HomeAnswersOphthalmology (Eye Care)ocular migraineWhat can be done for flash blindness kind of visual disturbances?

Can excess screen viewing lead to flash blindness?


The following is an actual conversation between an iCliniq user and a doctor that has been reviewed and published as a Premium Q&A.

Medically reviewed by

Dr. Nithila. A

Published At May 17, 2019
Reviewed AtApril 16, 2024

Patient's Query

Hello doctor,

I am a 30-year-old male. I work with computer eight hours per day, I was wearing contact lenses for 15 years, glasses for eight years prior to that. I go to yearly checkups with my optician and physician. I eat healthy foods and exercise daily. I have healthy BMI, no known diseases, no known allergies, and no medications. Eye diseases in my family: Retinal detachment, glaucoma. And my brother had frequent episodes of ocular migraines in his youth with migraine plus visual pattern. Before five months, I had an episode with my eyes. I was watching TV in the evening, suddenly I could not read the subtitles on the screen. They were blurred. I checked my phone and I could not focus my eyes to read my screen. I felt partially blinded. I also noticed I lacked some part of my viewing field. I looked at my arms while waving them up and down, and I could not see my right hand in my right eye in a certain position at about 3 feet distance. I would summarize it saying I had partial loss of vision in parts of my right eye and I was blinded like by a camera flash in both eyes. This lasted for 20 minutes. I was worried it might be something serious, so after talking to my doctor I ended up at the hospital. They took an MRI scan, had an eye doctor check my eyes and they used ultrasound on my neck. They could not find anything. I told them early that my younger brother had experienced ocular migraines when he was younger, so the doctors gave me the same diagnoses after the tests could not give any other answers. I will also add that prior to this episode I had for a while dry eyes and polyps on my right eyelid. I have never had this before. I have always been health conscious, so after this incident, I read a lot about this and implemented several things. I always sleep a minimum of 8 hours. I do not skip meals, eat foods. I have read that these are beneficial for eyes: Meditation and exercise to reduce stress. For the past two weeks, I have been experiencing almost every evening that my eyes are irritated by all screens. It has not been too bad, so it has just been in the back of my mind. But this weekend it got so bad I was blinded like by the flash of a camera for 24 hours straight. During this time, it was extremely sensitive to any lights, from screens to candles. I went to the general practitioner early today to have his opinion. I woke up with this same blinding flash disturbance and had it while I was at the doctor. He seemed clueless because these symptoms during this past week do not go that well with the diagnosis of ocular migraines that typically last 20 minutes to an hour. Also, I never have migraines. I just have the vision disturbance. My doctor has referred me back to the hospital and the eye doctors there. I wait for them to schedule it. My question is if you know what this could be and what I can do to limit these episodes. I am at a point now that this disturbs my work and I struggle to find the advice. I need to go forward. The eye doctor at the hospital, my general practitioner and my optician all say screen use has nothing to do with this. But none of them can give me advice on what to do.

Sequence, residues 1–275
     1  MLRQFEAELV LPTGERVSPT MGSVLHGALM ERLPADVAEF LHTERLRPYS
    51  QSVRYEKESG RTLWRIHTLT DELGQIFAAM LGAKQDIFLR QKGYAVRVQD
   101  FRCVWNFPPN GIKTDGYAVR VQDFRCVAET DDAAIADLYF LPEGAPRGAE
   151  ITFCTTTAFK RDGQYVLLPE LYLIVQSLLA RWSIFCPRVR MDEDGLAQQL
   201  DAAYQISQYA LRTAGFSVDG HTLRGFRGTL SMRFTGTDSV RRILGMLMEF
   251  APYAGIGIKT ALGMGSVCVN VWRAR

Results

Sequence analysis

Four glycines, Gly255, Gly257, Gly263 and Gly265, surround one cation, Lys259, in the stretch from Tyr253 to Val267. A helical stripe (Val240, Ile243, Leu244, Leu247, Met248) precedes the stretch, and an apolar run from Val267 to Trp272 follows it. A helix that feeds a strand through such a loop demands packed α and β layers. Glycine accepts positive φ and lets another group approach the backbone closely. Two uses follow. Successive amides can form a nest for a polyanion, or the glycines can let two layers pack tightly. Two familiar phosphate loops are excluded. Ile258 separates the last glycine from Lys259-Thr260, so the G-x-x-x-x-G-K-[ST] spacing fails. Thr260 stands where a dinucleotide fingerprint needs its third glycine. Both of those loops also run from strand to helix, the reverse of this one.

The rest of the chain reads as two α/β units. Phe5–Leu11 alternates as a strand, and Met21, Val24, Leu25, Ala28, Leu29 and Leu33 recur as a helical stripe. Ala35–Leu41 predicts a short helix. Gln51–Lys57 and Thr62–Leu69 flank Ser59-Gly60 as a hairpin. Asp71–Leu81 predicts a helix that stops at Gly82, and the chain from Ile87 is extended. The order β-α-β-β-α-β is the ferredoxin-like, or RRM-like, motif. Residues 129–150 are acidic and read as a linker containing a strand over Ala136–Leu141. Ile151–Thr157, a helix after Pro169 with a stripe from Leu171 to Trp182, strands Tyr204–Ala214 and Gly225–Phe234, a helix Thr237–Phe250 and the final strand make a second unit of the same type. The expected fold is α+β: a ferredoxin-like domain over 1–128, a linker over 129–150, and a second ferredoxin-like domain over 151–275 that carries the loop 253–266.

Welcome to icliniq.com.

I understand your concern. There are not many conditions which can give rise to the feeling of being blinded by a camera flash for 24 hours. A few of the conditions which can give rise to periodic flashes of light are retinal detachment, posterior vitreous detachment, ocular migraine and aura of migraine. None of these conditions can cause a flash of blinding light for 24 hours. But in case you are referring to episodic blindness, there are several causes like prodromal stages of retinal blood vessel disorder, migraine, Raynaud's disease, intermittent glaucoma and carotid artery stenosis (for which the ultrasound neck is done).I feel that the cause may be neurological and related to the blood supply. In case you need further information, please send me a scanned copy of your doctors records or tests reports. I will do my best to help you.

Same symptoms don't mean you have the same problem. Consult a doctor now!

Dr. Manjunath Natarajan
Dr. Manjunath Natarajan

Ophthalmology (Eye Care)

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